• Elbow is reduced (put back in place)
  • Rested for a couple of weeks
  • Controlled early motion is then begun with a removable splint placed about 30 degrees of elbow flexion. The splint provides protection from a recurrent dislocation

This treatment works well unless the patient must perform aggressive overhead activity, placing excessive stress on the elbow inside ligaments. In this instance, a ligament reconstruction may be required.

 

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Normal Elbow Supracondylar Supracondylar Low Transcondylar Intercondylar Fracture Fracture Fracture

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Elbow Fracture Malunion (Healed poor position) Elbow Fracture Nonunion(Not healed)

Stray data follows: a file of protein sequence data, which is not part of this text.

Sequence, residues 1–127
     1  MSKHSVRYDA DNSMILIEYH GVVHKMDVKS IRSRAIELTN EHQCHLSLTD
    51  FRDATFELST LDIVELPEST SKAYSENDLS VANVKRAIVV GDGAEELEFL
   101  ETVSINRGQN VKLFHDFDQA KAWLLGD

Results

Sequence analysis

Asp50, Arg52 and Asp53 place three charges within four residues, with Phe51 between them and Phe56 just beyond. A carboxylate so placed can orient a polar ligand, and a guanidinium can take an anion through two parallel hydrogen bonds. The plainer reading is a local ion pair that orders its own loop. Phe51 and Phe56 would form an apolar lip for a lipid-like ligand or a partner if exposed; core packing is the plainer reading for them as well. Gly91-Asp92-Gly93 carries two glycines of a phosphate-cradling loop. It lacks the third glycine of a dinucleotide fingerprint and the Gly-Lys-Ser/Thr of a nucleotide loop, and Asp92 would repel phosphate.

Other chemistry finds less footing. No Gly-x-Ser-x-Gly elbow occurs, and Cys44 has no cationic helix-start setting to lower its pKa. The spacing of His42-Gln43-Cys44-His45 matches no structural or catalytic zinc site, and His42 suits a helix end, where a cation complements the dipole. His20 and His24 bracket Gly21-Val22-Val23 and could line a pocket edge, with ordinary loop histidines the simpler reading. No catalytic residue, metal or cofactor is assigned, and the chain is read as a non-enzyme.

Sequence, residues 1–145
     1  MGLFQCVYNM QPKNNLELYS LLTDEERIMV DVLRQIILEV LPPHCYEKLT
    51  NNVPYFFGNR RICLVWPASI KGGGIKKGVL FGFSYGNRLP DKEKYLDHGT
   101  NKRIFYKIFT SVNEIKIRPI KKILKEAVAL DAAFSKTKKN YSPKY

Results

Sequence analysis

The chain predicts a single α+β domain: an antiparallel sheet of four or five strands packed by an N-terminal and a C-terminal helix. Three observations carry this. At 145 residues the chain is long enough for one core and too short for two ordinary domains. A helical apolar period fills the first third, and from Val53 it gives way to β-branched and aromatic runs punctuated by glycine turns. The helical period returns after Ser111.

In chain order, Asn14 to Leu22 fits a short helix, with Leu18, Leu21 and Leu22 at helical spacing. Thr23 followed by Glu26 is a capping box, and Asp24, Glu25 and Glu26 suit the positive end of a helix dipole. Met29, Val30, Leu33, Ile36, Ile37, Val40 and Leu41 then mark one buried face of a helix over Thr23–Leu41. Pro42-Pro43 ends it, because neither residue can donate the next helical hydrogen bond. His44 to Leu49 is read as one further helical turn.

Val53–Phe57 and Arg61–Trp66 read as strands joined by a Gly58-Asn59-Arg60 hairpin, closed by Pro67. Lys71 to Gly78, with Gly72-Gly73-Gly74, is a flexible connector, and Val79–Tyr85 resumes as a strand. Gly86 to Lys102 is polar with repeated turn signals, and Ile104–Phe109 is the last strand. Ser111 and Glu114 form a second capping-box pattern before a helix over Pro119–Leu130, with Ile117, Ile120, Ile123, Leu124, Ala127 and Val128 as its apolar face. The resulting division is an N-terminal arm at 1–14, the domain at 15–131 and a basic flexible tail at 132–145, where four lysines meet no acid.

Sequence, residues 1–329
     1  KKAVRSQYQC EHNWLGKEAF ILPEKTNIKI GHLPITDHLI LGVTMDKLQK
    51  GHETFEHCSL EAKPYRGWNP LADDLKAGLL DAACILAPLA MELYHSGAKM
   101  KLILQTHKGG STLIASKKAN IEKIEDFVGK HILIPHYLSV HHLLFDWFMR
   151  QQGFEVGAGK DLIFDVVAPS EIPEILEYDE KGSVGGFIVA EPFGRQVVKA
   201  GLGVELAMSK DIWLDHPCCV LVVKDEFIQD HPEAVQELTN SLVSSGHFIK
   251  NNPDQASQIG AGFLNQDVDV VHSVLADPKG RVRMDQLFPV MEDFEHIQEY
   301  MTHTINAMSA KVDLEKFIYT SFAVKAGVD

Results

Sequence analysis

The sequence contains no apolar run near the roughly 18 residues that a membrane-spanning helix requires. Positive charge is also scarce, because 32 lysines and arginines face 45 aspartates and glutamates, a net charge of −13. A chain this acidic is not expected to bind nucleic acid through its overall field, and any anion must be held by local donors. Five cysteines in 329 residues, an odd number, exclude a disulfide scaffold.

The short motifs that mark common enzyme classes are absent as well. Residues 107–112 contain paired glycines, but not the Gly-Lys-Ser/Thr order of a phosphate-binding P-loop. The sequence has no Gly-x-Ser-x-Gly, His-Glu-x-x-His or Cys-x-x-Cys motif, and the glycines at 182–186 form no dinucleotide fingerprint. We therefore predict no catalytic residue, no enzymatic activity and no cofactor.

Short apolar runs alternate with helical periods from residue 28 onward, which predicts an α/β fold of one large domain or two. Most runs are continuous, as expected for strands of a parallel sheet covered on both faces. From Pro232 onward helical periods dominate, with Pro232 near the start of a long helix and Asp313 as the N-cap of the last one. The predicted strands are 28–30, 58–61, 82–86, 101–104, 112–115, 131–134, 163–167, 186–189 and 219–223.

The Terrible Triad

The worst of the combined ligament and elbow bone injuries is called the terrible triad:

  • All elbow ligaments are all torn
  • Radial head is broken
  • Part of the ulnar bone called the coronoid process is broken
  • Results in the elbow losing all of the supporting structures keeping the elbow in place

The reconstruction of this fracture pattern requires an experienced elbow surgeon to address the combination of injuries. Elbow fractures can also affect the bones individually. A fracture of the elbow joint can involve:

  • Lower end of the arm bone (humerus)
  • Proximal part of the forearm (radius and ulna)

If an elbow fracture has breached the patients skin, it is called an open fracture. Open fractures are treated as an emergency in order to avoid infection. Considerations for Treatment Decisions

  • Bone quality
  • Pattern of the fracture
  • Separation and angulation of the fracture fragments
  • Extension into the joint surface
  • Amount of fragmentation called “comminution” that has occurred